Foods to Avoid if You Are Fructose Intolerant
For obvious reasons, you will want to avoid foods that are high in fructose. These can include:
- Fruit juices
Some foods contain fructose but in low enough amounts that you may be able to tolerate having them provided your intolerance isn’t severe:
- Green beans
However, as mentioned above, fructose is found in numerous other products, dishes, and drinks, since it is a common additive. Even if not directly named (as in high fructose corn syrup), fructose finds its way into many different types of sweeteners and additives. When reading an ingredients list, stay away from any foods containing the following:
- Agave syrup
- Baker’s sugar
- Beet sugar
- Brown rice syrup
- Brown sugar
- Cane sugar
- Carob powder
- Corn syrup
- Date sugar
- Fruit juice sweeteners
- Grape syrup
- Maple syrup
This is a long list, but it doesn’t cover every possible form of sweetener. The good news is that there are some sugars and sweeteners that your body can still tolerate. When trying to find foods you can eat with a fructose intolerance, look for anything that contains:
- Barley malt syrup
- Birch sugar (pure)
- Corn starch
- Corn sugar
- Erythitol (pure)
- Glucose polymers
A Fructose Intolerance Diet Plan; Avoiding Fruit Sugar
When beginning your dietary adjustments, start by eliminating all or as much fructose as you can for two to four weeks. During this period, keep track of your symptoms (if any). Once this period passes, you can start introducing one new fructose-containing food into your diet every four days.
Slowly experiment to see which ones you can tolerate and in what amounts. In addition to the lower fructose fruits and vegetables listed above, here are some other candidates to consider for your introduction period:
- White potatoes
Continue to keep track of your symptoms and maintain a food diary as you start adding in fructose-containing foods. If you eat something that gives you a reaction, make a note of it and wait an extra few days before trying another reintroduction. Eventually, you will come up with a list of foods that you know your body can handle and will be able to create a more personalized diet plan based on your discovered tolerances.
When making your reintroductions, be mindful of foods that have high levels of fructose in them. Only attempt to eat one of these once you have been able to find some other less fructose-rich but more manageable foods to help build up your tolerance. Be mindful when attempting to eat the high fructose fruits and vegetables described earlier, along with:
- Dried fruits (raisins, dates, etc.)
Can You Prevent Fructose Intolerance?
Fructose intolerance has no known preventative methods or cure. Although adopting a diet plan like the one described above can help get your body more used to fructose and minimize symptoms, it’s possible for an intolerance to flare up again over time. Sticking to a low fructose diet plan can help reduce future severities, but there is not much information available about how effective this can be.
While fructose intolerance has no clear cause or prevention method, HFI does have a known cause and there are certain informative, but not necessarily preventative, measures that can be used. Genetic testing can reveal which parents, if any, carry a nonworking copy of the aldolase B gene. If both parents possess the gene, there is a roughly 25% chance of hereditary fructose intolerance being passed down to a child. While both parents being positive for the gene doesn’t automatically mean the child will have HFI, a negative test on either parent means that the kid is in the clear.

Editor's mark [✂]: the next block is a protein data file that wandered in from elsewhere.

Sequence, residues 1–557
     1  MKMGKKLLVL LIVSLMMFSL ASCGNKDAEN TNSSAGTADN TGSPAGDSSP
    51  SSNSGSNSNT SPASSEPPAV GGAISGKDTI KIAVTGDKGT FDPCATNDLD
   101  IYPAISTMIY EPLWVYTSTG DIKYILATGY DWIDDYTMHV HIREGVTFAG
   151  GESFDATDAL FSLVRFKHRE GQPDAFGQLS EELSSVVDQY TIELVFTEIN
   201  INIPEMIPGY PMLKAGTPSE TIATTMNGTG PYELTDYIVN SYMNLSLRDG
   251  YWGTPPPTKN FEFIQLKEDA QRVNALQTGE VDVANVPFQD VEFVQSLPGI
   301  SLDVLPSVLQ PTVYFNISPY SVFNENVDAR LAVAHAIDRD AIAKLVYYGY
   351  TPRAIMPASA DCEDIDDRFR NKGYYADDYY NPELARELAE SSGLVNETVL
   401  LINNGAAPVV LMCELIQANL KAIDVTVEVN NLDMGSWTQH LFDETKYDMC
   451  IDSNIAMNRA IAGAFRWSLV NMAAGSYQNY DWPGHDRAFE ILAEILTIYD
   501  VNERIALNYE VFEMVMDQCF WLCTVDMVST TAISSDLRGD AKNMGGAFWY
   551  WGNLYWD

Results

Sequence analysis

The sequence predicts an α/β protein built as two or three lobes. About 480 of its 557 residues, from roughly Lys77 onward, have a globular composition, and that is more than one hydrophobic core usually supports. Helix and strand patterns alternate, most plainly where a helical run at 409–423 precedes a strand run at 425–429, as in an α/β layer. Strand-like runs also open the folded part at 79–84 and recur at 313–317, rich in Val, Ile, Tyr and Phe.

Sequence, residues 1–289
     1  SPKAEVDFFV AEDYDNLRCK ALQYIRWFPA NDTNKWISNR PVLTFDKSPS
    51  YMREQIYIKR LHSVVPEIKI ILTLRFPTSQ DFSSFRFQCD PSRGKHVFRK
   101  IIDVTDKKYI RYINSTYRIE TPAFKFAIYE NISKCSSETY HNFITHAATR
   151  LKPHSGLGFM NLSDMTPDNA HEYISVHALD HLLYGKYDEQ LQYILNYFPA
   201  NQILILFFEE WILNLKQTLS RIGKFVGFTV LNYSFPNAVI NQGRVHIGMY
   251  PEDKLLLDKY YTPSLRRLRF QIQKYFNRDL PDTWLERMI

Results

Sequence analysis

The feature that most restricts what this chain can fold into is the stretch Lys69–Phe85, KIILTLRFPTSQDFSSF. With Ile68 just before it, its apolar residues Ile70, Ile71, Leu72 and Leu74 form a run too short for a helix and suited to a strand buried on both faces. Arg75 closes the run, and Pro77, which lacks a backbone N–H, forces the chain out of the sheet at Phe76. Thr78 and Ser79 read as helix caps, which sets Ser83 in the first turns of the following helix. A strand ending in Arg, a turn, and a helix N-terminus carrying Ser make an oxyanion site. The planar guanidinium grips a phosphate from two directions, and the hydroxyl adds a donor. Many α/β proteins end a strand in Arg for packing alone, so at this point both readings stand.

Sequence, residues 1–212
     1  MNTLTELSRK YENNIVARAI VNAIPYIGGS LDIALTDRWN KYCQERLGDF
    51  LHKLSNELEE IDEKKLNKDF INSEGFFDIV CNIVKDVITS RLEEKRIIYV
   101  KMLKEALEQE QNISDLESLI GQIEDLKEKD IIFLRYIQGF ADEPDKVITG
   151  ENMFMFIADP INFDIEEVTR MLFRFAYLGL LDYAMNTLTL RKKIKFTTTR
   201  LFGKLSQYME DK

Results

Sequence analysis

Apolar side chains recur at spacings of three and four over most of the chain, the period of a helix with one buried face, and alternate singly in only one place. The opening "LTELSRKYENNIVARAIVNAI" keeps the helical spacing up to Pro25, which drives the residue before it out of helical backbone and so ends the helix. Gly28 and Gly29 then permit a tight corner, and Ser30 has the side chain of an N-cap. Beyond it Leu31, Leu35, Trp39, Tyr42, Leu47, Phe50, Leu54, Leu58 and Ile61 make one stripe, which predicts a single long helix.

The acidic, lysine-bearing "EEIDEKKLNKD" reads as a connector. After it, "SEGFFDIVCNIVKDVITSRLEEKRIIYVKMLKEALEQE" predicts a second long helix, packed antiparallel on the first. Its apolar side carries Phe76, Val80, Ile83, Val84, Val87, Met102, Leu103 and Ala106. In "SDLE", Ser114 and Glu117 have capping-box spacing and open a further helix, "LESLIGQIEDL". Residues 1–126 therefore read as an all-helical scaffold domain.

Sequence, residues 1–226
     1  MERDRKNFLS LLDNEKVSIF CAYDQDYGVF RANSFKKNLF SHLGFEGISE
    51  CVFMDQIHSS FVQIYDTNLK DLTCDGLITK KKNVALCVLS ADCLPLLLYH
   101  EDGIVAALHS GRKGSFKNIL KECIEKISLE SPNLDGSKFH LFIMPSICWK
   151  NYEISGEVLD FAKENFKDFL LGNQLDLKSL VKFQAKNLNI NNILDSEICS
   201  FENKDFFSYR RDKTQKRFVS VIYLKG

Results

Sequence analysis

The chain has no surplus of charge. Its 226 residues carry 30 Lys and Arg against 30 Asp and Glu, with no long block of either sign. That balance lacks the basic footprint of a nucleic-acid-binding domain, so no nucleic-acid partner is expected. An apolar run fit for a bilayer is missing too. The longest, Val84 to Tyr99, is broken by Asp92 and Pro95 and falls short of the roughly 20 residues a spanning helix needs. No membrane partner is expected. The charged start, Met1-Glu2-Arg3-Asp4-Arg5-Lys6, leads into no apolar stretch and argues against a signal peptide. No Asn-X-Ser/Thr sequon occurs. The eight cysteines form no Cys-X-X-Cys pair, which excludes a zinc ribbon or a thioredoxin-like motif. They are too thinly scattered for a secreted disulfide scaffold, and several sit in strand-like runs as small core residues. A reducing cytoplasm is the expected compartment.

Fructose intolerance complications include liver failure, gout, and hypoglycemia.
Possible Complications of Fructose Intolerance
The good news, sort of, is that an unmanaged fructose intolerance is going to make your bowels spectacularly displeased but otherwise does not cause any serious complications.
However, the stress placed on your body from dealing with constant digestive difficulty can lead to various nonspecific issues ranging from electrolyte imbalances (from diarrhea) to mild rectal bleeding or an increased risk of anal fissures (from constipation). You would likely also experience recurrent trouble in focusing due to headaches, fatigue, cramping.
An uncontrolled hereditary fructose intolerance is a more serious matter. As mentioned earlier, HFI normally presents itself in infants and leaving the condition unrecognized or untreated can lead to host of possible complications. These include, but are not limited to:
- Liver failure, liver damage, or increased susceptibility to liver disease
- Hypoglycemia (dangerously low blood sugar)
- Failure to thrive (difficulty or inability in gaining weight)
What This All Means
A fructose intolerance means you need to be extra careful about what foods you eat until you manage to determine just how much fruit sugar your body can tolerate. This will require a bit of experimentation but so long as you take a steady approach and don’t add too many new fructose foods at once, you should be able to determine a good dietary balance that works.
For parents of small children, the idea of a hereditary fructose intolerance can seem scary, but it’s quite possible to catch it before any serious complications develop. Simply paying attention to your child, especially to any odd behaviors or symptoms that appear alongside feeding, can help you detect potential symptoms and prompt you to seek a formal diagnosis.
Sources for Today’s Article:
“Hereditary Fructose Intolerance,” Medline Plus web site, last updated April 5, 2016; https://www.nlm.nih.gov/medlineplus/ency/article/000359.htm, last accessed April 20, 2016.
Zeratsky, K., “Fructose intolerance: Which Foods to Avoid?” Mayo Clinic web site, March 6, 2014; http://www.mayoclinic.org/fructose-intolerance/expert-answers/faq-20058097, last accessed April 20, 2016.
“Hydrogen Breath Test,” University of Michigan Health System web site, September, 2015; https://www.med.umich.edu/1libr/aha/umhbt.htm, last accessed April 20, 2016.
“Fructose Intolerance,” Diet web site; http://www.diet.com/g/fructose-intolerance, last accessed April 20, 2016.